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Great Graphic: Home Ownership and Measuring Inflation

Summary

 

Home ownership varies throughout the EU but is overall near US levels.

Germany has the lowest home ownership, and Spain has the most.  Italy has the least amount of mortgages.

US include owner equivalent rents in CPI, the EU does not.

 

This Great Graphic was in the Financial Times recently. It shows home ownership rates several EU countries.  The useful chart also shows those who own (red bar) and those who pay a mortgage, or housing loan (light blue) and those that rent (dark blue).

A few observations jump out at us.  Home ownership is the lowest in Germany.  It is the highest in Spain.  However, look at Italy.  Home ownership is almost as great as in Spain, but the larger red bar means that fewer Italians have mortgages on their homes.   Denmark and the Netherlands have the highest percentage of home ownership supported by mortgages.

In the United States,  home ownership stood at 63.7% at the end of Q2.  It averaged 65.3% over the past half century.  The peak was reached in Q2 2014 at 69.2%.   A 2012 survey, the most recent we found, suggests that nearly 30% of American homeowners do not have mortgage debt.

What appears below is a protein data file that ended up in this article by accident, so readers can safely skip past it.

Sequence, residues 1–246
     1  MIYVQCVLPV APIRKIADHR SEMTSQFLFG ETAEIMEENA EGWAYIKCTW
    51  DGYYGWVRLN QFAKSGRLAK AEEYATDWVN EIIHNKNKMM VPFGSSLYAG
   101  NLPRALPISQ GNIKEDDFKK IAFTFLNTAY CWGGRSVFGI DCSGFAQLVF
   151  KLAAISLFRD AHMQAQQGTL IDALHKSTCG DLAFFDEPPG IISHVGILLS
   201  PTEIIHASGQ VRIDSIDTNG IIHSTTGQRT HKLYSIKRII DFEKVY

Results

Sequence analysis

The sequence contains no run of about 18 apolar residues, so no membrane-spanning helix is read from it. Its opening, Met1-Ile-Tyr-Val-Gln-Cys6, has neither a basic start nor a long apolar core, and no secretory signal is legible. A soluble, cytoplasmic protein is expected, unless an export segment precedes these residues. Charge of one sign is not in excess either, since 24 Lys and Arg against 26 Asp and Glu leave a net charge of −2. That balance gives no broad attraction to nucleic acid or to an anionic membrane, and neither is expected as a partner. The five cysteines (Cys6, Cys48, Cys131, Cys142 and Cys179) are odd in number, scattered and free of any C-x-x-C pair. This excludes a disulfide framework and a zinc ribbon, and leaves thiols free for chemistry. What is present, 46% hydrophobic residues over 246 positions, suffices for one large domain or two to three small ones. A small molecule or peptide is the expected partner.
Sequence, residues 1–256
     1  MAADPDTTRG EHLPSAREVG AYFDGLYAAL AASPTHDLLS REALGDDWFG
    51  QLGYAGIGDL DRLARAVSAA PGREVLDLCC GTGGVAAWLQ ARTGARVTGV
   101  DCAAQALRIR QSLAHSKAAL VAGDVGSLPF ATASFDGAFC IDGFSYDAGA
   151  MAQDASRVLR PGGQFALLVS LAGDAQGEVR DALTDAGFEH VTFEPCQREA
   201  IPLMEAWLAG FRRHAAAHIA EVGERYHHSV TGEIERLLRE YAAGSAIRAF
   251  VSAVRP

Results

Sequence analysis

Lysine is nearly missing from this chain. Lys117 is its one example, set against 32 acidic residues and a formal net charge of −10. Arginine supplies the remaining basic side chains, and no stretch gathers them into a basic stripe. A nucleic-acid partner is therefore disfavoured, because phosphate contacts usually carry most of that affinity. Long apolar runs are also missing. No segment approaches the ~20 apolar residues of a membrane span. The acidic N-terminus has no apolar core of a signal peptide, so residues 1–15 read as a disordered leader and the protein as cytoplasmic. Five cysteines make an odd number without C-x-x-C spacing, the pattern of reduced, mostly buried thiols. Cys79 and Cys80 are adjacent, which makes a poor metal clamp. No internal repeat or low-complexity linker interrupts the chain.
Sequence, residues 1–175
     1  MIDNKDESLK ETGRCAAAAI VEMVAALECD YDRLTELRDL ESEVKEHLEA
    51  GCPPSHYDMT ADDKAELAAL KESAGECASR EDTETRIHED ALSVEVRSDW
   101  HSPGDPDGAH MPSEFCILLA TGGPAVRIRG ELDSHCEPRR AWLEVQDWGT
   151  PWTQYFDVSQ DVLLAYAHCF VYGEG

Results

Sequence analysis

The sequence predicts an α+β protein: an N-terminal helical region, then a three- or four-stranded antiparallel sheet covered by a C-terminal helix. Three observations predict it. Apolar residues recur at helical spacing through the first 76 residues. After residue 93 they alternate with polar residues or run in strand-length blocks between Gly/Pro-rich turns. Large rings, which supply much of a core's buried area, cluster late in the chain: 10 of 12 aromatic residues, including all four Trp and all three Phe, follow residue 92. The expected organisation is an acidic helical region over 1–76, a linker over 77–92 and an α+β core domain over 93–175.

EU Home Ownership

EU Home Ownership

Red - Owner, no outstanding mortgage or housing loan, Sky Blue - Owner, with mortgage or loan, Blue - Tenant - Click to enlarge

There are two components of shelter costs in the US measures of inflation.  There is rent, and there also is a function for the owner equivalent (OER).  OER in the US is nearly 25% of the CPI basket.  However, OER is not includedin the EU measure of inflation.   While home ownership is roughly the same, a little more than 60%, more Europeans cando it without debt.

This is one of the examples of our general point about comparing inflation.  The major central banks have all adopted an inflation target of about 2%.  However, while the target is broadly similar, the basket of goods and services they target is strikingly different.  A while back, we created a table that compares CPI measures between the US, EU, Japan and the UK, which we repost here:

U.S. Headline CPI: Component weights / Relative Importance

(see more posts on U.S. Consumer Price Index, )
U.S. Headline CPI: Component weights / Relative Importance

- Click to enlarge

Marc Chandler
He is Global Head of Currency Strategy of Brown Brothers Harriman (BBH). He has been covering the global capital markets in one fashion or another for 25 years, working at economic consulting firms and global investment banks. He regularly appears on CNBC and has spoken for the Foreign Policy Association. In addition to being quoted in the financial press daily, Chandler has been published in the Financial Times, Foreign Affairs, and the Washington Post. BBH provides specialist services and innovative solutions to many Swiss asset managers that include a global custody network of close to 100 markets, accounting, administration, securities lending, foreign exchange, cash management and brokerage services. Feel free to contact the Zurich office of BBH
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